> lacking. Any recommendations for new scanning software?


    Never tried any third-party scanner software, so no idea what's good.
    If Vue-scan supports your scanner, that'd be one a lot of other people
    have liked. But really, you need so little from flatbed scanner
    software.
    --
    David Dyer-Bennet, <mailto:>, <http://www.dd-b.net/dd-b/>
    RKBA: <http://noguns-nomoney.com/> <http://www.dd-b.net/carry/>
    Pics: <http://dd-b.lighthunters.net/> <http://www.dd-b.net/dd-b/SnapshotAlbum/>
    Dragaera/Steven Brust: <http://dragaera.info/>
    David Dyer-Bennet, Mar 11, 2005
    #3
  4. David Dyer-Bennet wrote:

    [Scan at 300DPI]

    > Um, the resolution you just gave doesn't *mean* anything.


    Actually it does. We've seen so many "A digital image has no
    resolution" arguments, that we tend to forget what DPI really is.

    The original in this case is not digital, it's a physical image on
    paper. To say that it was scanned at 300DPI is a very valid and usable
    information, as we know that the physical media has a limit as to how
    much information we can get from it.

    Now, the question is whether TMiller scans negatives, dias or paper
    copies. Given the 300DPI and his basic question (no offence TMiller),
    I would say it's paper copies. In that case, 300DPI is fine for color,
    600DPI might be more fitting if B/W.

    http://www.scantips.com/basics08.html

    > A digital image has no dimensions, so resoluation has no referent.
    > What pixel dimensions are you scanning at?


    Quite the opposite. He's scanning for archiving and thus wants to
    preserve what he can. The pixel dimension is in this case useless,
    since we need to know the papersize in order to judge if the pixel size
    was well chosen. If we get both (pixel & physical size), then weøre
    just reinventing DPI.
    --
    Toke Eskildsen - http://ekot.dk/
    Toke Eskildsen, Mar 11, 2005
    #4
  5. TMiller

    bob Guest

    TMiller wrote:
    > I’m scanning old snapshots for CD archiving with the intention of later
    > printing- and maybe some editing.


    I'd say print some out (take the CD to Wal-Mart, Wallgreens, or some
    other place that makes chemical prints) and see if you like the quality.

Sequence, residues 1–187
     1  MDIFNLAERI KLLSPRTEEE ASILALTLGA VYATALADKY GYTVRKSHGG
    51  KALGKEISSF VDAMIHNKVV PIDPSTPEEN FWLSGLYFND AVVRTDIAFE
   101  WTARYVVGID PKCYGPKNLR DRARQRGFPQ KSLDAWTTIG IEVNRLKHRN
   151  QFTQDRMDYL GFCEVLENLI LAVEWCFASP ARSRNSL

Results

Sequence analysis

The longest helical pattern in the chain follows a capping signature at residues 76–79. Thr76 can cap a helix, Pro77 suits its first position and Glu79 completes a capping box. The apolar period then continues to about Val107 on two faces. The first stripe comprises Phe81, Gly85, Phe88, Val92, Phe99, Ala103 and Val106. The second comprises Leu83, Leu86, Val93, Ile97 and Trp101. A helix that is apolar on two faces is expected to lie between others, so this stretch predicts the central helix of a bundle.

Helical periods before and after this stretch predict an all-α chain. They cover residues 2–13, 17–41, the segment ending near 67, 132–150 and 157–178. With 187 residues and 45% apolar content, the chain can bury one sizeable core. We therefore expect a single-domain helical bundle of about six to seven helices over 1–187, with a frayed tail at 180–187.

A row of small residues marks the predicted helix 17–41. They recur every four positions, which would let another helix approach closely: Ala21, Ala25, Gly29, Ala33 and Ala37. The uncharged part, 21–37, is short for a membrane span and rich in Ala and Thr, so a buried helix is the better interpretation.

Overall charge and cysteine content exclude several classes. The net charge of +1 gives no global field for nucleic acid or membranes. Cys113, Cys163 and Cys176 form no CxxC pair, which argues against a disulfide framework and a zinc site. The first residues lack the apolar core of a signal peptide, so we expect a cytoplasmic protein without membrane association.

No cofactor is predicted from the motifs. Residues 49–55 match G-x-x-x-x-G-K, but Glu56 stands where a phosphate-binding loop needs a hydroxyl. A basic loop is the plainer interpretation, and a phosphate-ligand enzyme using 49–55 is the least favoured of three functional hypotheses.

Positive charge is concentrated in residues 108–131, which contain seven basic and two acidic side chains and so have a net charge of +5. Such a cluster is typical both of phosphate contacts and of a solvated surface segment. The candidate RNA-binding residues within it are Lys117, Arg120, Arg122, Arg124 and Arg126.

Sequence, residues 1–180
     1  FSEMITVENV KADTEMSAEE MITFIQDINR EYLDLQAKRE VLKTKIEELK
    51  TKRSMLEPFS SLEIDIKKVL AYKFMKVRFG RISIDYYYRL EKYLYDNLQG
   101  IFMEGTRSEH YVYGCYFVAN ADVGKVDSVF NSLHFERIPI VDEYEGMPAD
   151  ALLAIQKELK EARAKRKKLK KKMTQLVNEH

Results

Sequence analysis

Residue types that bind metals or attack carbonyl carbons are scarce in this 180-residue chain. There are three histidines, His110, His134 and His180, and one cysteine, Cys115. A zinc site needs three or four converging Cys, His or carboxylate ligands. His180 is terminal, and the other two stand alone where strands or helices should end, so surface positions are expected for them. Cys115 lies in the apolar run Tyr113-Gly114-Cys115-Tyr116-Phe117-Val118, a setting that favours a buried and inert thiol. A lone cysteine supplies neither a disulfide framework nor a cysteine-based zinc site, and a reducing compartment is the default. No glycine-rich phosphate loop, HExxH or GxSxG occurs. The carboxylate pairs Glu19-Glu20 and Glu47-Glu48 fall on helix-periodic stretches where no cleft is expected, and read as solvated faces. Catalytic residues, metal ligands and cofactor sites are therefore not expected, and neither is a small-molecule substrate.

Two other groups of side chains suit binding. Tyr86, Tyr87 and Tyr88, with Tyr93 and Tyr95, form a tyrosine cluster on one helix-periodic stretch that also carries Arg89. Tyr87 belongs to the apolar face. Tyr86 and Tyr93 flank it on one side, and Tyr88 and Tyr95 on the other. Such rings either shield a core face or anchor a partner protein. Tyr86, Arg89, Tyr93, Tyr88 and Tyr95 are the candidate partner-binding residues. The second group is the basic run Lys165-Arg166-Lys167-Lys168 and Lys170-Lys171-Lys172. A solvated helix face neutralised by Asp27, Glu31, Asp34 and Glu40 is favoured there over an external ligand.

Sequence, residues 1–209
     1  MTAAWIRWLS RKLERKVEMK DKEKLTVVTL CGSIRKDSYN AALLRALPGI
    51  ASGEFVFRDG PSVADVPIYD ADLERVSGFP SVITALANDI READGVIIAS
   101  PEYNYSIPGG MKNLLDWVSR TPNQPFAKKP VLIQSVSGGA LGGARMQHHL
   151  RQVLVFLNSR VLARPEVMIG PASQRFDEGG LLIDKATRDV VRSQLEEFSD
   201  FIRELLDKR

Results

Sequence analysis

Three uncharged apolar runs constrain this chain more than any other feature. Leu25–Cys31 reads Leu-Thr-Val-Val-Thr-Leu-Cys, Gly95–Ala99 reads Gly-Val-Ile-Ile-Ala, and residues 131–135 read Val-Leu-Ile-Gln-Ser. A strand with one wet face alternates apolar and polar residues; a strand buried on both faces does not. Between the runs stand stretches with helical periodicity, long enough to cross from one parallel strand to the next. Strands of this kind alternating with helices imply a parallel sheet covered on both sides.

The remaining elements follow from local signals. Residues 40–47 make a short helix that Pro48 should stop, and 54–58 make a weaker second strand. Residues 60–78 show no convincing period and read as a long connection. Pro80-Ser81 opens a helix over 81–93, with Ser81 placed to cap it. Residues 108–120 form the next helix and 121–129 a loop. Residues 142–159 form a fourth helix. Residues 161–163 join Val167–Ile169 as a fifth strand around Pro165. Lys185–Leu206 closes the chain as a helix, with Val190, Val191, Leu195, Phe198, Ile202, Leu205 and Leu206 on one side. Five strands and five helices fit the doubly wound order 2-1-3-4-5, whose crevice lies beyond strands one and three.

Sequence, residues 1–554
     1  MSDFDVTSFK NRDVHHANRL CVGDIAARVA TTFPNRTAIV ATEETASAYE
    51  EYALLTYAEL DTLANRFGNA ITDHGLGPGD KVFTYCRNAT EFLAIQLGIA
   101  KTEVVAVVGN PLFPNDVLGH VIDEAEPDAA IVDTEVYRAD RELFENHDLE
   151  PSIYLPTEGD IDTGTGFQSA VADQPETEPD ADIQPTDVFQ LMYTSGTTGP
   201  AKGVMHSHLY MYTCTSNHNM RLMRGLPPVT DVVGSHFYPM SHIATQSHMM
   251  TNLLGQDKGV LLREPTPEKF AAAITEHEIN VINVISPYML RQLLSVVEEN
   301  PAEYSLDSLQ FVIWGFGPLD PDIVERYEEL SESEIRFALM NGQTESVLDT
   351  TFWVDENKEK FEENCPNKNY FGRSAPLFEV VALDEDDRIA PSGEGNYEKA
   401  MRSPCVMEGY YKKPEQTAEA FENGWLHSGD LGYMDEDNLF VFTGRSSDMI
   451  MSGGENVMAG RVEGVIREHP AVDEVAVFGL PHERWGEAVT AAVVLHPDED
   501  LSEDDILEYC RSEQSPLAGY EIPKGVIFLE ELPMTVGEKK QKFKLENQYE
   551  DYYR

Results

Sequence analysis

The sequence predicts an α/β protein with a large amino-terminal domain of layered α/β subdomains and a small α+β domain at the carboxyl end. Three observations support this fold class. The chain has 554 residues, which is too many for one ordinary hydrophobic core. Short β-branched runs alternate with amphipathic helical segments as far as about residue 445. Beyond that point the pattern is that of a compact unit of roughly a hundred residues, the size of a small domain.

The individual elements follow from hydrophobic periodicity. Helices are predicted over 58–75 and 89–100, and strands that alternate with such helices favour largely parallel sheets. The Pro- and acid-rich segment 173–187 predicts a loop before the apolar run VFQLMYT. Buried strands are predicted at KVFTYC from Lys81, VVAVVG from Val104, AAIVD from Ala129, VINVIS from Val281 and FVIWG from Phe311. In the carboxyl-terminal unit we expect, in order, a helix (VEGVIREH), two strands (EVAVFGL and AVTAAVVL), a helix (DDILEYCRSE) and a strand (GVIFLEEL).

If you're happy with what you get, then there is no reason to change.

    If the compression is fairly modest, then you probably won't be able to
    see the loss involved with the jpg. 300 dpi is probably a lot more than
    the original prints have.

    I don't know how much scanner software would cost, but if you decide to
    upgrade, consider that a Microtek scanner costs around $100 and the
    software it comes with is good.

    Bob
    bob, Mar 11, 2005
    #5
  6. Toke Eskildsen <> writes:

    > David Dyer-Bennet wrote:
    >
    > [Scan at 300DPI]
    >
    >> Um, the resolution you just gave doesn't *mean* anything.

    >
    > Actually it does. We've seen so many "A digital image has no
    > resolution" arguments, that we tend to forget what DPI really is.
    >
    > The original in this case is not digital, it's a physical image on
    > paper. To say that it was scanned at 300DPI is a very valid and usable
    > information, as we know that the physical media has a limit as to how
    > much information we can get from it.


    Except that scanner software gives you another variable that makes
    that meaning unreliable. *If* he has the software set to 100% size,
    then the 300DPI means something sort-of.

    And that having that "DPI" value embedded in digital files has caused
    more confusion even than color management, and the smart thing to do
    is just learn to ignore it.
    --
    David Dyer-Bennet, <mailto:>, <http://www.dd-b.net/dd-b/>
    RKBA: <http://noguns-nomoney.com/> <http://www.dd-b.net/carry/>
    Pics: <http://dd-b.lighthunters.net/> <http://www.dd-b.net/dd-b/SnapshotAlbum/>
    Dragaera/Steven Brust: <http://dragaera.info/>
    David Dyer-Bennet, Mar 11, 2005
    #6